Part of the reason is pride, really. I don't like being dependent on my parents for things as much as possible, and using their vehicle is always just that, using their vehicle. My parents bought my brother his truck (05 Dodge Dakota), and to me that isn't owning a vehicle. It's not YOUR vehicle. It's your parents. To me that's not acceptable. I want to be able to say "This is MY vehicle. I paid for it."

I'll also admit it's a care thing. I don't take care of that Durango near as well as I should. I mean I keep up with everything on it for the most part, but the interior ends up looking like junk, as I tend not to clean it out. When I know I have a financial backing into something, I'm looking to protect my investment.


I may not of mentioned this, but it seems to be using more gas for the same distances as I've always traveled. It may just be a perception thing, but what used to barely move my gas needle and could travel back and forth two or three times before using a quarter of a tank or so, now one trip seems to do that.


And lastly, while I have a decent amount saved up at the moment, at work, my hours have been getting cut lately, so I'm not making as much as I used to. There is a possibility of me getting laid off. If so, I do have another job lined up, it pays a lot less initially, and is a further commute for me. And forty bucks a week, potentially more as gas prices keep rising, is really cutting into my budget for the week when you factor in food and other expenses I have. While it may be a harsh initial cutback, if I can drop my gas budget from near a 100 bucks a month (Almost 20% of my earnings for an entire month) to perhaps down to somewhere like 40 bucks (Which would be around 8%) That's roughly an extra $720 in my pocket I can keep each year.

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Side question about the Camry: How well is it suited for carrying stuff on the roof? In the warmer months I like to kayak. While I have no need to transport the kayak from my home to local watering hole, as it is stored at the local watering hole, I do have occasion to have to transport it from one spot to another a good half mile down the road. This is part of the reason why I was really considering the Protege5. I normally haul around in the Durango at all times my kayak paddles and llife jacket, as well as a tent. Granted they don't take up a lot of room and fit into trunk of most vehicles, but transporting that kayak can be a feat sometimes.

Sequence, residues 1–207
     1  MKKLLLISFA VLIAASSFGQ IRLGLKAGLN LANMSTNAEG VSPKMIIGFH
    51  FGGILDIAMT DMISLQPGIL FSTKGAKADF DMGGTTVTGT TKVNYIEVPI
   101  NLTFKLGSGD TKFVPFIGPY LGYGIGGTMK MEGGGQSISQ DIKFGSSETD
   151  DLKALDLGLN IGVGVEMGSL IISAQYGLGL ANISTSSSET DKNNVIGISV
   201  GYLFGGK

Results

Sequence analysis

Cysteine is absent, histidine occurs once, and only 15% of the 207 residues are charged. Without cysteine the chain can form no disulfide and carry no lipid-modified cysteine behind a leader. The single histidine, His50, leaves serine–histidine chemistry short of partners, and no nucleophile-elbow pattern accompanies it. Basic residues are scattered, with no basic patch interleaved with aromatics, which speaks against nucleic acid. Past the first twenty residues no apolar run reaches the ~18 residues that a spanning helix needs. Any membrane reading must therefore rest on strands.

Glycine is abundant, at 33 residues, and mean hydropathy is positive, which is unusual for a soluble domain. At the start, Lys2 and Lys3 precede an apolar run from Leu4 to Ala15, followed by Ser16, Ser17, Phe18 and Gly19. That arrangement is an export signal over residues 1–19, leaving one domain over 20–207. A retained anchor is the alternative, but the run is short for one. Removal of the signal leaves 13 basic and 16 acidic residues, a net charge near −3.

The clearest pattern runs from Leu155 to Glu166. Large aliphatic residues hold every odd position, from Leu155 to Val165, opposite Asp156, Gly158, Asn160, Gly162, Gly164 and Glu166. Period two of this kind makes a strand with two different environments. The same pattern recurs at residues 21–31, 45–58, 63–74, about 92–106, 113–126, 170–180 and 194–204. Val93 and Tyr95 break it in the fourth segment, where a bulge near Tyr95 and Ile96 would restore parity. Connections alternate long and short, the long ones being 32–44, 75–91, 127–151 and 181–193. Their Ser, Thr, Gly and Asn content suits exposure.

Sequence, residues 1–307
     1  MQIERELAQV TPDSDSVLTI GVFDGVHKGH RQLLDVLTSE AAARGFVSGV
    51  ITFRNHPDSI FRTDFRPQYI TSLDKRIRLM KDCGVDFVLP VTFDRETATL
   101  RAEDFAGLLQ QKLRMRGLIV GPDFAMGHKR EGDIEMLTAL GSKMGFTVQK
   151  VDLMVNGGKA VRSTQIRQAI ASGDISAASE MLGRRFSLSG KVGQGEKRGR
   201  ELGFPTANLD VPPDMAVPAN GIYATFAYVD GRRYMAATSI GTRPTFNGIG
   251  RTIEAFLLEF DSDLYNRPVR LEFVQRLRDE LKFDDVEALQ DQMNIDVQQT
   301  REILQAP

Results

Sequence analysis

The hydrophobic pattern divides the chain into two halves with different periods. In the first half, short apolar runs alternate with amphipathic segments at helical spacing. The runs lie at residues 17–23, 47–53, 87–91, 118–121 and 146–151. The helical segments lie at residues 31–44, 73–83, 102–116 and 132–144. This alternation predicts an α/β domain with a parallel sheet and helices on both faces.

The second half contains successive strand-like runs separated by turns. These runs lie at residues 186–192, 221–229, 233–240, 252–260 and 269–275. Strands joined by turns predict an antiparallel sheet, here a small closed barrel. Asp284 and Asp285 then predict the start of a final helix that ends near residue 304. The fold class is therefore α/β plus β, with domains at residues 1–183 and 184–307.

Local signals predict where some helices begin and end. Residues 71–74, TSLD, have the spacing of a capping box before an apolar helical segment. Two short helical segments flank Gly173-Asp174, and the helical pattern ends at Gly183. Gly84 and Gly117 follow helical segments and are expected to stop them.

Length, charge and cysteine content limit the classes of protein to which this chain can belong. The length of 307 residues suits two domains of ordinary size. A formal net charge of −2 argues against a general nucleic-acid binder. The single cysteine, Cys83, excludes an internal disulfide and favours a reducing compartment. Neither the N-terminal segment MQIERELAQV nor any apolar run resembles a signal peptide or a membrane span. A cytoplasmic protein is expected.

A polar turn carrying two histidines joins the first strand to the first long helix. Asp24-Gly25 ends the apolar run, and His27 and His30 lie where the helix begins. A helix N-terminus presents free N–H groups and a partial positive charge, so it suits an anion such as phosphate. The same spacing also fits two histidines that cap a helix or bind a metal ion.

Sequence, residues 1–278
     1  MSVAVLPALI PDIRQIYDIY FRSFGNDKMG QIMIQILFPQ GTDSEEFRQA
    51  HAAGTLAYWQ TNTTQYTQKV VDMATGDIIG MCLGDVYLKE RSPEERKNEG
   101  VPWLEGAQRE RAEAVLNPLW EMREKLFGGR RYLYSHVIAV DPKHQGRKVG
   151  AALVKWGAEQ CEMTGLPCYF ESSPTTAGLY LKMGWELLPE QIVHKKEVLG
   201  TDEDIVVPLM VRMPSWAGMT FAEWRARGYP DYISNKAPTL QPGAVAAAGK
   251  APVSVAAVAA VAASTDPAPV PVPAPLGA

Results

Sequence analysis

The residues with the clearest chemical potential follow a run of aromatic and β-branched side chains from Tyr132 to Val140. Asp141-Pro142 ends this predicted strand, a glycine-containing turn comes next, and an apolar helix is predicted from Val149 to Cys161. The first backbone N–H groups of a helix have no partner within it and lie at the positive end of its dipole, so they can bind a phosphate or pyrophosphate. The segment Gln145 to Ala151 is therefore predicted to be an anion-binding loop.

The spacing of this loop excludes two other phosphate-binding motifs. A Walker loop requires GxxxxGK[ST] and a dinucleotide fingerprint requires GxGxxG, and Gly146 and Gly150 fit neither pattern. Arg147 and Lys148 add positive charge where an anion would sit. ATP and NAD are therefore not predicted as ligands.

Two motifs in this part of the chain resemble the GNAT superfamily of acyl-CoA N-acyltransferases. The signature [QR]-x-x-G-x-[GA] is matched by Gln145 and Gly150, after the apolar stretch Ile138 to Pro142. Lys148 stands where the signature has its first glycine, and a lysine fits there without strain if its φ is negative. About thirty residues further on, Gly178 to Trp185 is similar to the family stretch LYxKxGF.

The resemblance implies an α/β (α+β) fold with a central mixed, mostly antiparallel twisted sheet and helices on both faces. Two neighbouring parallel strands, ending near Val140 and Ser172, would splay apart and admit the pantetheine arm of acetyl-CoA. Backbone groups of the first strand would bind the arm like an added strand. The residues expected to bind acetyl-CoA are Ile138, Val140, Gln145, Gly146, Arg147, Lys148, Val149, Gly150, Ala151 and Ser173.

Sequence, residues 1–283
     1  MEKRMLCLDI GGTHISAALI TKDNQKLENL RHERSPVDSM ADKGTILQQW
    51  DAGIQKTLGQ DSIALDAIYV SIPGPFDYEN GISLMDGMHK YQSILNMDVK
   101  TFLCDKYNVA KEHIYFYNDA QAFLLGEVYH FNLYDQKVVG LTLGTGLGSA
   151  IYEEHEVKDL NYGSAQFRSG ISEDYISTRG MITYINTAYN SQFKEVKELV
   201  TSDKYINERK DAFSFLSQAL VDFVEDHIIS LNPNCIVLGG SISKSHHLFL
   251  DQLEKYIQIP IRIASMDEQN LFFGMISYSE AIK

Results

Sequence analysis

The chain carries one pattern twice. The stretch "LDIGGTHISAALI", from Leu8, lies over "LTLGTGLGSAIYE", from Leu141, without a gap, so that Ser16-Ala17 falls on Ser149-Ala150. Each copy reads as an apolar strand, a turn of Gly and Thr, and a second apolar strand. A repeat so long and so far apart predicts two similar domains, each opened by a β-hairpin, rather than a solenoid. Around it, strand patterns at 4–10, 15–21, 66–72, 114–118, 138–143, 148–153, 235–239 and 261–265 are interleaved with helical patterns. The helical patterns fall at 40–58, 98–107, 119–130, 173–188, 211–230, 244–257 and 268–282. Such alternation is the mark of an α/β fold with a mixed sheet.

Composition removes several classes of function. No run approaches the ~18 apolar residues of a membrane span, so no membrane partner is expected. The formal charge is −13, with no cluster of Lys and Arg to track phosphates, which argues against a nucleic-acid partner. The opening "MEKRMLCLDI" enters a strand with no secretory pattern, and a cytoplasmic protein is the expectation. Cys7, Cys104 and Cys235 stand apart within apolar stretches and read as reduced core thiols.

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Vdubchaos

Lifer
Nov 11, 2009
10,411
10
0
Part of the reason is pride, really. I don't like being dependent on my parents for things as much as possible, and using their vehicle is always just that, using their vehicle. My parents bought my brother his truck (05 Dodge Dakota), and to me that isn't owning a vehicle. It's not YOUR vehicle. It's your parents. To me that's not acceptable. I want to be able to say "This is MY vehicle. I paid for it."

Smart

I'll also admit it's a care thing. I don't take care of that Durango near as well as I should. I mean I keep up with everything on it for the most part, but the interior ends up looking like junk, as I tend not to clean it out. When I know I have a financial backing into something, I'm looking to protect my investment.

Correct, I don't care how good of person one might be. If something is given to you, you can NEVER EVER appreciate it the same way as if you worked for it/it was yours.

This is simply human nature. And that's why I don't believe in donations hehe


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Side question about the Camry: How well is it suited for carrying stuff on the roof? In the warmer months I like to kayak. While I have no need to transport the kayak from my home to local watering hole, as it is stored at the local watering hole, I do have occasion to have to transport it from one spot to another a good half mile down the road. This is part of the reason why I was really considering the Protege5. I normally haul around in the Durango at all times my kayak paddles and llife jacket, as well as a tent. Granted they don't take up a lot of room and fit into trunk of most vehicles, but transporting that kayak can be a feat sometimes.

You will need a roof rack and it will be fine. Just get a universal one that you can switch in the future for other cars.
 

arnoc

Member
Feb 16, 2012
54
1
0
This is a great advice right here.

You can get them dirt cheap. 3800 is a great engine, just don't get any other one cause they have issues.

And what Buicks would have the 3800 engine?

As well, what would you say is the average maintence costs for a Camry? On the cheaper side / average / can be expensive?